From September 1927 Farnsworth was sent to sixty-line camera images on the screen using a fully electronic system. It was at this stage of his work has attracted the attention of David Sarnoff. Sarnoff was the head of the Radio Corporation of America (RCA): radios main power radio and parts of the United States.

Many of the RCA radio as soon as the patent expires, so Sarnoff was looking for another market, could have a TV corner was the obvious choice. When hiring, Vladimir Zworykin, a Russian immigrant who had experienced mechanical television a decade Sarnoff has sent him to California to see the work of Farnsworth. Later, Sarnoff would visit the Farnsworth laboratories.

Sarnoff and Zworykin quickly realized the value of the invention, Farnsworth and Sarnoff tried to buy girl for $ 100,000. Farnsworth, thinking I could do more in the payment of patent royalties that the RCA to sell his invention to them, refused. Sarnoff, irritated, said: "While there is nothing here, it is necessary" and sent Zworykin to build your own version of the technology.

Farnsworth keep the designs appear in the work and follow Zworykin lawsuits between the two companies. RCA was forced to pay Farnsworth $ 1,000,000 in license fees, but the beginning of World War II delayed the introduction of television in most U.S. and the market of electronic television did not really off after the war. By then, many key patents had expired and was never the money Farnsworth probably deserved for his contribution to electronic television.

To make matters worse, the majority of television history is written by employees of the RCA and perhaps in revenge for the license you were forced to leave, contributions to the Farnsworth left completely out of the story.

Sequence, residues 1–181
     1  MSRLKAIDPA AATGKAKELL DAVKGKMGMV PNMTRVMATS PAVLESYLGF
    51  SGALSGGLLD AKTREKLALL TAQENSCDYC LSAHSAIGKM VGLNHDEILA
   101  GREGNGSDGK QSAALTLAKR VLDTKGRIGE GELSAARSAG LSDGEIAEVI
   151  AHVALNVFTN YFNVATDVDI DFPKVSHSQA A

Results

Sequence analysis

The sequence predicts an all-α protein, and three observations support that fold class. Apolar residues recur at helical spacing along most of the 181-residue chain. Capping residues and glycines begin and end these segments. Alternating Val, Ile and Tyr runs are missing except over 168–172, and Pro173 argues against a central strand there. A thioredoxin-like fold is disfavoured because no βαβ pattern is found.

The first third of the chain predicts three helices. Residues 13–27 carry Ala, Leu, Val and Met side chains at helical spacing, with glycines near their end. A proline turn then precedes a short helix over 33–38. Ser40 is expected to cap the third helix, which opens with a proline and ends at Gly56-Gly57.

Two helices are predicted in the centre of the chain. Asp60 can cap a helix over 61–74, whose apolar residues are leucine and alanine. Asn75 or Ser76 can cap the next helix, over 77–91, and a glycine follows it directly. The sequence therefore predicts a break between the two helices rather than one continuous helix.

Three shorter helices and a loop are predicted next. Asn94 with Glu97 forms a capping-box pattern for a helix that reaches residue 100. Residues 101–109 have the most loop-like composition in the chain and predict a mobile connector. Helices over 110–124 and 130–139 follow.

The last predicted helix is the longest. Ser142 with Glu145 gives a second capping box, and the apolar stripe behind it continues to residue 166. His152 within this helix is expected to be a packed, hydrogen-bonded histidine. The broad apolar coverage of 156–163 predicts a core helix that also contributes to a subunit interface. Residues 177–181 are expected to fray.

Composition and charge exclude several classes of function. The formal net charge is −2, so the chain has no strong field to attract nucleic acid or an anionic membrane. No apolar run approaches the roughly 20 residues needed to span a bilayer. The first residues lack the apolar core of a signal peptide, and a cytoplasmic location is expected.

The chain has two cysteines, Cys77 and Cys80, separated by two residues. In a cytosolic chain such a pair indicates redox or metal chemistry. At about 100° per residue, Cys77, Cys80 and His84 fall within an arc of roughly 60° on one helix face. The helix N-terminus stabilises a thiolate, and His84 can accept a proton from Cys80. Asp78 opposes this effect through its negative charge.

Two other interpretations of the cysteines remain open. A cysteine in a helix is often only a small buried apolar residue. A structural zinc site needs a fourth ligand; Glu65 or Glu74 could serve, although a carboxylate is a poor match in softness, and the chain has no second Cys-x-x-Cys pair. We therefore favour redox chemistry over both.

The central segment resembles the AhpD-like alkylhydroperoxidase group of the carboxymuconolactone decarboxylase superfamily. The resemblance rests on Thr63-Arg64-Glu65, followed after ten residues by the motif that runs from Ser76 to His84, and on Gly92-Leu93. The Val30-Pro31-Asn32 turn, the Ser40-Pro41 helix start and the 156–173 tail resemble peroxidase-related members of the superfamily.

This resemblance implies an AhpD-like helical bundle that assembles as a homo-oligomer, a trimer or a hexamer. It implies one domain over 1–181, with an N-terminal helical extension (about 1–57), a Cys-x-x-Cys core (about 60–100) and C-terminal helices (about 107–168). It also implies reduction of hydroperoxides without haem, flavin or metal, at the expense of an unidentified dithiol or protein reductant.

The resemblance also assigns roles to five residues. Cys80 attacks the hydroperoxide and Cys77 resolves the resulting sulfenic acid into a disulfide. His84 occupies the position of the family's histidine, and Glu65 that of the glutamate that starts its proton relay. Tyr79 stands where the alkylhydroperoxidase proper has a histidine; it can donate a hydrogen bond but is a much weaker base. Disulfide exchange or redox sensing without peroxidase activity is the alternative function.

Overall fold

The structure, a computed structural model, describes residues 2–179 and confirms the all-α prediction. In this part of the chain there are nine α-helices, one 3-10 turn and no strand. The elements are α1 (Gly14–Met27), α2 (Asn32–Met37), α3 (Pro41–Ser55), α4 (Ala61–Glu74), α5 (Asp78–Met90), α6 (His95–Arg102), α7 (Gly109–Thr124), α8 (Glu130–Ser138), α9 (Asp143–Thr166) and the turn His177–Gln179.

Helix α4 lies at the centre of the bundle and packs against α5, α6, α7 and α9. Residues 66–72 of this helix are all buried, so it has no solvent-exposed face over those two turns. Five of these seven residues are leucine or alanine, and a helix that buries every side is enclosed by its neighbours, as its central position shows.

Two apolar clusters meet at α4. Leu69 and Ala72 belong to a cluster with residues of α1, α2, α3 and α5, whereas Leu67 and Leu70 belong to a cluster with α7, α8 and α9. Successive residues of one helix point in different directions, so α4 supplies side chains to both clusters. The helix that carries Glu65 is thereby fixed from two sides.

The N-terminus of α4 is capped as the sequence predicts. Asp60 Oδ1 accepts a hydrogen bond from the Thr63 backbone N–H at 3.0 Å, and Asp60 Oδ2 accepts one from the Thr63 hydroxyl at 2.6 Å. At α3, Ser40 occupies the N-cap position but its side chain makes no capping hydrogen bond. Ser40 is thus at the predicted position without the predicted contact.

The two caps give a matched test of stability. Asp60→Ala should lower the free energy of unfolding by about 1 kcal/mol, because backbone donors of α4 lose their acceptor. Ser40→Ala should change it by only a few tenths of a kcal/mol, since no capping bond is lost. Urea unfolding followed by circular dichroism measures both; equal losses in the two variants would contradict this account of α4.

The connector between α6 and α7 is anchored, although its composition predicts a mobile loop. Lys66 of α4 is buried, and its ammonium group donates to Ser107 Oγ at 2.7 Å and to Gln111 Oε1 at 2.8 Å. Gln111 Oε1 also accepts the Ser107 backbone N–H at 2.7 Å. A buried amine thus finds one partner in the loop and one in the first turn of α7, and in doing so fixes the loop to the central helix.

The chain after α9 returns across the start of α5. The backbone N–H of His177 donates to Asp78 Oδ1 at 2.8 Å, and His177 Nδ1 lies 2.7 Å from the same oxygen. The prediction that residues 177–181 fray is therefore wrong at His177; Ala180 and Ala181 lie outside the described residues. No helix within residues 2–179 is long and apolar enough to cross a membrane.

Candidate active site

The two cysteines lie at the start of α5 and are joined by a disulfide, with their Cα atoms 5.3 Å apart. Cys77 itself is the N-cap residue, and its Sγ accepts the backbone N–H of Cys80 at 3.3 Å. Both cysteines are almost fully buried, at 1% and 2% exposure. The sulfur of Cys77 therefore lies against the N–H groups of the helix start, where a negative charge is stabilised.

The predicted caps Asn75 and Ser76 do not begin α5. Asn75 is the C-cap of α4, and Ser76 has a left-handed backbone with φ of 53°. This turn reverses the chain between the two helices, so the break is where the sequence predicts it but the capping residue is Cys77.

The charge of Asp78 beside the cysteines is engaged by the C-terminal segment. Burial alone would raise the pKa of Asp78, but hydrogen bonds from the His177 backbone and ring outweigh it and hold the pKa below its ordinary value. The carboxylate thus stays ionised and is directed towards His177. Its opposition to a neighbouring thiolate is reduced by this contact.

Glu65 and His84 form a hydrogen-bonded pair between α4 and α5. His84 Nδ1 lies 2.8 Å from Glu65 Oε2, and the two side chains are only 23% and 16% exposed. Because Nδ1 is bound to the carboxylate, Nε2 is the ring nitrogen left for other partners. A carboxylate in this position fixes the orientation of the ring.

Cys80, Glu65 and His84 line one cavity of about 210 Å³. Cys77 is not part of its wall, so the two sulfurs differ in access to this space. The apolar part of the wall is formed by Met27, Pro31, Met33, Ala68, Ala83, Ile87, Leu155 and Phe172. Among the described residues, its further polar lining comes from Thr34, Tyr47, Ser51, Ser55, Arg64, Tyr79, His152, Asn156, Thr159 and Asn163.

The closure of mechanical television
So what happened to the mechanical television program is broadcast in the UK? Baird soon realized he had to get help from the BBC to make its mechanical system a complete success. In 1930, however, the BBC has learned that the future of TV is not electronic, mechanical. Launched in November 1936, Baird's mechanical system will be sent a week alternatively an electronic EMI. British citizens were invited to choose what they liked best. The electronic system was much better, and Baird took off the air. Although Baird tried to sell the system for movie theaters, these plans stopped when World War II began, and the BBC television service was closed until the hostilities were over.

In 1939, RCA and Zworykin decided to show their new system of electronic television at the World Exhibition in New York. Not much development has taken place only after the Second World War was over, but in 1946 people could buy a tabletop ten-inch for $ 375.

So who was the real father of television? This invention is omnipresent, like many others, has played a role in its creation. However, it is obvious that much of the credit to electronic television should probably go to Philo Farnsworth. Farnsworth v. Court after the hearing Zworykin to recognize that his ideas found their way into the first commercial systems built on RCA. Many of the processes that operate inside the TV today, was developed in the dark her, a secret laboratory in California.